Ordinary Time

The Second Sunday after Pentecost, Year C, 2016 – 1 Kings 18:20-39; Psalm 96; Galations 1:1-12; Luke 7:1-10

Ordinary Time. After Easter’s empty tomb and the red blaze of Pentecost, the long green season that runs from June through November. This is the season we now enter, in the Christian year. I suspect we tend to think of it as just a little dull—or maybe a lot dull! But is it, in fact? Is the ordinary dull; can the ordinary be dull, now, in Christ? I want to think about Ordinary Time with you this morning, and ask what this time in our Christian lives means.

“Ordinary” actually stands for the numbers that order the weeks—today is the Second Sunday after Pentecost, next Sunday is the Third Sunday after Pentecost, and so on all the way to the Reign of Christ at the end of November. But the name conveys well enough the every-day character of this time. The great world-upending events of Good Friday and Easter, Ascension and Pentecost, are past, and on Trinity Sunday we have seen the Lord, and the name of the Lord is joy.

This is the time that follows, life in the regular round; life as most of us live it most of the time.

But when the church claims this time for Christ’s own, when the church names it the time after cross and empty tomb, after the Holy Spirit’s fire, it names it something much more than ordinary.

The time becomes taut with promise, and news of God’s power keeps erupting, salvation peeking around the corners of the everyday.

Hobbits can help us with ordinary time. Hobbits are possibly my favourite people in the world. They are the little people. Hobbits, they themselves would tell you, are not heroes. Wizards and Striders are heroes. Hobbits on the other hand enjoy second breakfasts and birthday parties, a good pipe and a good joke. “Their faces were as a rule good-natured rather than beautiful, broad, bright-eyed, red-cheeked, with mouths apt to laughter, and to eating and drinking” (Fellowship of the Ring, Prologue 1). Yet it is a Hobbit and his friend who carry the ring to Mordor. It is a Hobbit who resists the pull of the Ring to possession and to power, when Men cannot resist, and Wizards and Elves do not dare try. It is a Hobbit who can pity even a Gollum, and spare him, so that even Gollum can in the end play a role in redemption. Hobbits, of all people, stand at the centre of the great battle for the soul of Middle-Earth, Frodo and Sam Gamgee from the green and ordinary Shire.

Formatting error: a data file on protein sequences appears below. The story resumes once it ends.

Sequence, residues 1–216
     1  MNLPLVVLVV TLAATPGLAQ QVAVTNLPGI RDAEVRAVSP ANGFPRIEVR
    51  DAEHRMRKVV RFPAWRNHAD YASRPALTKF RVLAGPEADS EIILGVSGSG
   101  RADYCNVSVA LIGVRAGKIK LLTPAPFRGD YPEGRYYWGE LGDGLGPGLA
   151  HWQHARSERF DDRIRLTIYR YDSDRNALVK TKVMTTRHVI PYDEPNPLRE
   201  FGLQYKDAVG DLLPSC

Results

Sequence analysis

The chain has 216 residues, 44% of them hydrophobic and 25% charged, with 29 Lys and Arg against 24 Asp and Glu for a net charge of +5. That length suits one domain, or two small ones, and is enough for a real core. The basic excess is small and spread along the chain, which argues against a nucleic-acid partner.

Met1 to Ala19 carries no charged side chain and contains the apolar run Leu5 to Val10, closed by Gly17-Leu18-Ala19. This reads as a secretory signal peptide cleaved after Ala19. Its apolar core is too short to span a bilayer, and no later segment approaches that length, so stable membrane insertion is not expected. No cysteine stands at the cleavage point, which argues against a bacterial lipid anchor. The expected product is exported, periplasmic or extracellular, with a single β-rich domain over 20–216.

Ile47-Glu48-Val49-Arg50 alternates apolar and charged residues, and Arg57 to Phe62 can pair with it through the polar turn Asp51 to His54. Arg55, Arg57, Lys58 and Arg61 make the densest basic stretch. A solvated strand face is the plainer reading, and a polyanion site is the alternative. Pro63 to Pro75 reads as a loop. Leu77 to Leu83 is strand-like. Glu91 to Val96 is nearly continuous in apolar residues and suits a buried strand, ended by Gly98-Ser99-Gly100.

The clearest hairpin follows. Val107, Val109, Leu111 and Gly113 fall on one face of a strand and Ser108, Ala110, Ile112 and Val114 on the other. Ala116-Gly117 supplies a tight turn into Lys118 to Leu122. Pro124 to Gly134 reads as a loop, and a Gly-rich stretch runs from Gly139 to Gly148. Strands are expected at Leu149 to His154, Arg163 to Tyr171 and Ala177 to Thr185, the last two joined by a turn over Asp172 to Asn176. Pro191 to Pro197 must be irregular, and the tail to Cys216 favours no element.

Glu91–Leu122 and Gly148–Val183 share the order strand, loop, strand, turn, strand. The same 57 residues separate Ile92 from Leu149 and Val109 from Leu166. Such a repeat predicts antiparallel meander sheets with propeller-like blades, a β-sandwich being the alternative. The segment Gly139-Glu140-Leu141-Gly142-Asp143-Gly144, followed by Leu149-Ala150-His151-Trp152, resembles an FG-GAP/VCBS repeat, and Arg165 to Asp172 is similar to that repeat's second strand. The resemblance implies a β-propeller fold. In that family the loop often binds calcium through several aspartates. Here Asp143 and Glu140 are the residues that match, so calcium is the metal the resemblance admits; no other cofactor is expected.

There is power in their ordinariness. What is the power in their ordinariness? “There in that green and pleasant corner of the world they plied their well-ordered business of living…They forgot or ignored what little they had ever known of the Guardians, and of the labours of those that made possible the long peace of the Shire. They were, in fact, sheltered, but they had ceased to remember it” (Prologue 1).

They were, in fact, sheltered, but they had ceased to remember it. Their ordinary days are a gift of grace.

In the movie, the Shire is brilliantly, beautifully green—and this seems to me just right.